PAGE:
MBA Student

Jeff Butler

MBA ’23
Jeff Butler, MBA ’23
Jeff Butler, MBA ’23
Being a business leader with a disability will help me show people that representation matters.
December 15, 2022

Thirteen-year-old football player Jeff Butler was napping in the back seat of his family’s SUV after a game when a car accident changed his life. The Fort Wayne, Ind., native woke up to flashing emergency lights — and the harsh reality that a broken neck had left him paralyzed from the chest down.

“Twenty-four hours before that, the most important thing I was worried about was turning in my homework on time,” says Butler. “Then all of a sudden I have to worry about how I’m going to get around in the world, can I live independently, am I going to be able to function in society?”

That was the start of a remarkable journey that led Butler to start a telemedicine software company at 26, to Paralympic silver medals for wheelchair rugby in Rio in 2016 and Tokyo in 2020, and eventually to Stanford Graduate School of Business. He hopes to use his experiences, business education, and entrepreneurial spirit to find technological solutions to solve accessibility problems.

How did the car accident shape the way you approach life?

It was my single most defining moment. It started me on this journey of independence and discovery and pushing the limits of what my body will allow me to do. But it also was an interesting segue that opened up elite athletics in the adaptive world. I never would have been an Olympian, but because I broke my neck, I was able to become a Paralympian. And that clearly had a huge impact on my life.

What lessons did you learn while playing wheelchair rugby?

Being a team sport athlete is constantly a master class in interpersonal dynamics and understanding how to motivate people to do insane and incredible things. And understanding how not to motivate people. Those were the two biggest areas of learning for me. Also, there’s a lot to be said about the discipline and drive and persistence it takes to succeed at that level, and just becoming intimately familiar with that amount of effort and being comfortable putting that effort toward other things in your life.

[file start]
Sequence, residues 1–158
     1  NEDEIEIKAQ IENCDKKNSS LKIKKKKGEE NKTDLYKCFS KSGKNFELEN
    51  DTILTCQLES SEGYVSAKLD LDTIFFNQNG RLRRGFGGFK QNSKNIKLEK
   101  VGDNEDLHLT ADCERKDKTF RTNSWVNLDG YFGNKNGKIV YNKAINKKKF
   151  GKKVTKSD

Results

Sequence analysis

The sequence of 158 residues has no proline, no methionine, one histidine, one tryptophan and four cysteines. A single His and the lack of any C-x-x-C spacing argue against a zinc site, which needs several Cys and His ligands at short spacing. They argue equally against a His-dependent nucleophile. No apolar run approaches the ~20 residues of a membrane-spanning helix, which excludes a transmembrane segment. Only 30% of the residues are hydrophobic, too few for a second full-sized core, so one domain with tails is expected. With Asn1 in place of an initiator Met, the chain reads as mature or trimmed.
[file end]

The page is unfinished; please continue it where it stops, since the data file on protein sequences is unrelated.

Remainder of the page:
What was harder — wheelchair rugby, or trying to start your own software company?

If you look at it from a success metric, I’m a much better rugby player than I am a startup founder. They both are humbling experiences. They both require an insane amount of dedication and persistence, and with both you are equally uncertain of success when you start. There’s an element of luck involved each. You must get seen as an athlete and make sure you’re in the best programs. You must put yourself in situations to be able to succeed. Then the element of luck needs to take over. The same can be said of the startup world, where you’re looking at timing being important and being in the right place at the right time.

You decided to use yourself and your story to make an impact on the wider community of people with spinal cord injuries. How’d that come about?

First, anytime there was a newly injured quadriplegic or paraplegic, people in my network would call me and say, “Hey Jeff, we have a new quad. He broke his neck. He’s 19. Will you come in and talk to him?” I try to help them work through that “Oh my god my life is over” stage. I’m also on the Paralympic advisory board for a center for independent living in Indiana, and I’m passionate about connecting people who have spinal cord injuries to sports.

“I would categorize my startup VIPatient as a traditional failure. We didn’t bring the right product to market at the right time. But I wouldn’t categorize it as a personal failure.”

For a newly disabled person, sports can be an incredible place to build a community and learn how to live from people who have been doing this for a long time. I was lucky to experience that and want to make sure others have that opportunity as well.